Commerce Twp. man charged in COVID-19 loan fraud scheme

Anna Liz Nichols
The Detroit News

A Commerce Township man has been charged in connection with applying for nearly $1 million worth of pandemic loans for fake businesses, including one sharing a name associated with “The Karate Kid,” federal officials said Friday.

Ryan Carruthers, 42 is charged with wire fraud in a criminal complaint for filing for $963,000 in pandemic loan programs, according to a statement from the U.S. Attorney for the Eastern District of Michigan.

He faces up to 20 years in prison on the wire fraud charge, officials wrote.

According to the complaint filed Jan. 25 and unsealed Friday, Carruthers applied for 14 Paycheck Protection Program, or PPP, loans meant to keep employers from having to release employees during the COVID-19 pandemic.

However, the complaint says the businesses listed for the loans were fake, with no evidence showing there were any staffers and many of the businesses were not legally registered until after March 2020, making them ineligible for the loans.

Businesses awarded PPP loans were eligible for loan forgiveness if the money was used for the business and all its employees were kept on the payroll for eight weeks.

Investigators said Friday Carruthers sought a 15th loan for the Economic Injury Disaster Loan program.

One of the businesses Carruthers applied under was listed as “Cobra Kai Karate," named similarly as a dojo known for its unethical practices in "The Karate Kid" film from 1984, authorities reported.

Carruthers filed the applications for loans from about April 2020 through April 2021, according to the complaint, receiving around $851,000 believed to have been used to pay off his mortgage and buy a Sea-Doo personal watercraft, among other purchases.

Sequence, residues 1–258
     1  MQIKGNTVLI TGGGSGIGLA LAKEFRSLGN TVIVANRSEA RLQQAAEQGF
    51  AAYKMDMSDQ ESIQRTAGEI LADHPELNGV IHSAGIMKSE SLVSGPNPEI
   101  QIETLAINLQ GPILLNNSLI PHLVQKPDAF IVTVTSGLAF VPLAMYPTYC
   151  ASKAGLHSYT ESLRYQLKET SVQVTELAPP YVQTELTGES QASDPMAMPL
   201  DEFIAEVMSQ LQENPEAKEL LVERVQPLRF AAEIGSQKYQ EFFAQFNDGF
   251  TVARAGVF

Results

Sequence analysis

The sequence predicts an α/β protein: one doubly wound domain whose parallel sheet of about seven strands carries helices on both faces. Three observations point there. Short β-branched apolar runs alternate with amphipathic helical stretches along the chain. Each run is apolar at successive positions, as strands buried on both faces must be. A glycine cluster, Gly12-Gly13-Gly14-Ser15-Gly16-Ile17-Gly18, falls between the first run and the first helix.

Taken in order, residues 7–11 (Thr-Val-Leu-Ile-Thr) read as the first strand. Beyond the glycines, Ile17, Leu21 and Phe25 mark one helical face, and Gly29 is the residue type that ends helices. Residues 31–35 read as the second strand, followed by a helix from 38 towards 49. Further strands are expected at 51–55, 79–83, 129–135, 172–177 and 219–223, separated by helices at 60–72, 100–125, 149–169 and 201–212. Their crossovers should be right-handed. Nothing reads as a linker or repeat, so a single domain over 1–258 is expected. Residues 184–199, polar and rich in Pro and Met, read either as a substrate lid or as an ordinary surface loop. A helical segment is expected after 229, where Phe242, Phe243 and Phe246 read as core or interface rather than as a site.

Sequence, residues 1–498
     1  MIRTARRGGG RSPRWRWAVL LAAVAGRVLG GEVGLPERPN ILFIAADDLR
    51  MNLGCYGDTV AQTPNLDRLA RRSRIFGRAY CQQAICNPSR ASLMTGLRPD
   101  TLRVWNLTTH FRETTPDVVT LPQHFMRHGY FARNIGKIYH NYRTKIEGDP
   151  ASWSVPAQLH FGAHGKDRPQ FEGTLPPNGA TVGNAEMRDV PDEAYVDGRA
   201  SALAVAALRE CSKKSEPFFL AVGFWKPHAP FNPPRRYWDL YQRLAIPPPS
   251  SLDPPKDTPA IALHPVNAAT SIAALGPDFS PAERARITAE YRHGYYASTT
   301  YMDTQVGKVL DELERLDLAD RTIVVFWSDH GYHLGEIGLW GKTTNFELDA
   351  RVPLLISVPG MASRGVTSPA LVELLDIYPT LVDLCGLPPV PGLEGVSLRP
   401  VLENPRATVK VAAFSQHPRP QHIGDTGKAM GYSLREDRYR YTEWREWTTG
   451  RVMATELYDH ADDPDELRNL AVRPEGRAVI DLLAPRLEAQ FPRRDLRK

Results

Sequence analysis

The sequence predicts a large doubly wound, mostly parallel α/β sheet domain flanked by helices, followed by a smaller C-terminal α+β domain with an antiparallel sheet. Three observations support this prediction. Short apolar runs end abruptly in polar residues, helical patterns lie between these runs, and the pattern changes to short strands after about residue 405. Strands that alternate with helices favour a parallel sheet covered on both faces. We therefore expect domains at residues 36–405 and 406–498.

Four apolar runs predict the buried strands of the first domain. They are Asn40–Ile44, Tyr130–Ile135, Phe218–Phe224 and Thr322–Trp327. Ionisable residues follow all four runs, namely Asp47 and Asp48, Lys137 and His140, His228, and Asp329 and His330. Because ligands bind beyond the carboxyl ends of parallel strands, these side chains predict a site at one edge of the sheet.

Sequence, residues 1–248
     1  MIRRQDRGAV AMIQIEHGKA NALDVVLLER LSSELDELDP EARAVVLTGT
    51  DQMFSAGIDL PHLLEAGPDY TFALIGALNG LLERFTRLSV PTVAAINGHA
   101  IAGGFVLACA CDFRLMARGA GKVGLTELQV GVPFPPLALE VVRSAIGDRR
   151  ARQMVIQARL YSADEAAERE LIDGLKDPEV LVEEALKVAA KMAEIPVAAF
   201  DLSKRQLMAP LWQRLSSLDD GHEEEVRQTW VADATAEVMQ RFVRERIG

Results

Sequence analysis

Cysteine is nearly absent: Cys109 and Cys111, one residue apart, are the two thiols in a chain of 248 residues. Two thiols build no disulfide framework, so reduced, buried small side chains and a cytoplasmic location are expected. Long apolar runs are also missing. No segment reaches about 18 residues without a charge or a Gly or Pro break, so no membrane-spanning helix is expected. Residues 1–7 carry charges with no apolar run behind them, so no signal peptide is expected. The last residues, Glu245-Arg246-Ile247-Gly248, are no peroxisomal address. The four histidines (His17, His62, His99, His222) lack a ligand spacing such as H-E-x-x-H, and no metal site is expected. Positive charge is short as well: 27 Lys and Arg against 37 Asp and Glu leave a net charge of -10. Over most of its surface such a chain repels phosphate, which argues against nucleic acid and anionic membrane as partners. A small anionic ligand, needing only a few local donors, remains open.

“Mr. Carruthers is charged with lying repeatedly to obtain loan funds intended to help businesses keep their doors open during the Covid-19 pandemic,” U.S. Attorney Dawn Ison said Friday. “My office is committed to prosecuting anyone who exploited our national crisis to enrich themselves, and today’s charges are a reflection of that commitment.”

An attorney listed as representing Carruthers did not immediately respond to a request for comment Friday.

The investigation is being conducted by Homeland Security Investigations.

“Our communities suffered during the pandemic, yet some sought to line their own pockets at the expense of the American taxpayer,” said Angie M. Salazar, HSI Detroit Special Agent in Charge. “Our agents will continue to investigate PPP fraud and help hold these offenders accountable to the American people.”

Carruthers made his first appearance Friday in U.S. District Court in Detroit, records show.

He was released on a $10,000 bond. A preliminary examination is scheduled for 1 p.m. Feb. 24.